There is currently a measles outbreak in Minnesota. This was, unfortunately, entirely predictable – not, of course, that an outbreak would occur specifically in Minnesota, but that we would start to see outbreaks in communities with low vaccination rates.
So far Minnesota has seen 73 cases of measles. This is more than any year in the last 20 years (or more, that is how far back the tables go). In fact, that is more than all Minnesota cases combined in the last 20 years (56).
Nationwide we hit our low point for measles in 2004 with only 37 cases, all imported from other countries. This means that measles was eliminated from the US, with no native reservoir and no endemic cases. Measles, of course, has not been eradicated from the world and so we can still have imported cases. Thirty seven cases is down from the millions that would occur each year prior to the introduction of vaccines. The graph shows reported cases, which were as high as 800,000, but the CDC estimates that the real number was much higher as most cases went unreported.
There is no mystery what is going on – the modern anti-vaccine movement has been effective in spreading false fears about vaccines. Since 2004 the number of measles cases has been climbing. The recent peak was in 2014 with 667 cases, due largely to the Disney outbreak.
A vulnerable community
Something else happened in 2004 – Andrew Wakefield visited Minnesota. There is a Somali community there and they had been experiencing a relatively high number of cases of autism. They did not understand why there was a cluster of cases, and the cultural barrier complicated efforts to provide answers. I first wrote about this apparent cluster in 2008. In 2013 a long term study confirmed that there is a cluster in Minneapolis in general, but in greater numbers among Somali children.
There is also a cluster among Somali immigrants in Sweden, but not in other locations. The cause of these clusters is not currently known. Preliminary evidence suggests that low vitamin D levels may be playing a role, which makes sense for a dark-skinned population migrating to higher latitudes. It is also possible that the population simply has a higher genetic predisposition to autism which is just being recognized when they move to countries with better access to health care and services.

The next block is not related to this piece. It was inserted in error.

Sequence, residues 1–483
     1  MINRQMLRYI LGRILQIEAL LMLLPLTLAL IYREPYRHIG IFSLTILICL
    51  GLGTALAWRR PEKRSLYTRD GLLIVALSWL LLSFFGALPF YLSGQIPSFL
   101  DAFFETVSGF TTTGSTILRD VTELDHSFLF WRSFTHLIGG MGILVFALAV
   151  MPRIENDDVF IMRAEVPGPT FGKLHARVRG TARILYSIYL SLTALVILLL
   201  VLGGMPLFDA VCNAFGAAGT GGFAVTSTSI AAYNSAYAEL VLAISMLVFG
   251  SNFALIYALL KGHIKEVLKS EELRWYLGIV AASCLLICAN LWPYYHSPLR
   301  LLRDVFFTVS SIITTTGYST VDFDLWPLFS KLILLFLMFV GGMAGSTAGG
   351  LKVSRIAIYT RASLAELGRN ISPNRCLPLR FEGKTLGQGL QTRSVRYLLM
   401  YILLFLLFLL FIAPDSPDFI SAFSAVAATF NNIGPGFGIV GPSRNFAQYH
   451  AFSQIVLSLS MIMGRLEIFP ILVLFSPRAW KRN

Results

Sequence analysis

In 2004 the Minnesota Somali community had high vaccination rates, >90%. Then, after Wakefield’s visit, fear started spreading through the community that vaccines were the cause of autism. Vaccine compliance plummeted, and today less than half of Somali children in Minnesota are vaccinated.
This represents the predatory targeting of a vulnerable community by an ideological group for propaganda purposes. There is a direct correlation between anti-vaxxers targeting the Somali community and dropping vaccine rates, followed predictably by disease outbreaks.
The only thing we can do now is reach out to this community with efforts to educate them about the safety of vaccines in the hopes that vaccination rates will increase. However, once a fear is instilled it is difficult to eradicate. That is the more pernicious virus at work here.
This episode and the entire anti-vaccine movement also represent the hidden risk of the alternative medicine/appeal to nature narrative which is currently on the upswing. Ideas have a lot of cultural inertia, especially once they become embedded to the point that many people just take them for granted, and incorporate them into their world view and self-identity.
The notion that medical authorities are compromised and cannot be trusted, but that purveyors of natural cures are trustworthy, is nothing but marketing propaganda for snake oil. And yet this propaganda has been remarkably successful, because it is selling an emotionally compelling narrative. That narrative is not aligned with reality and has tremendous potential to cause harm.
The Somali measles outbreak is just one tiny example.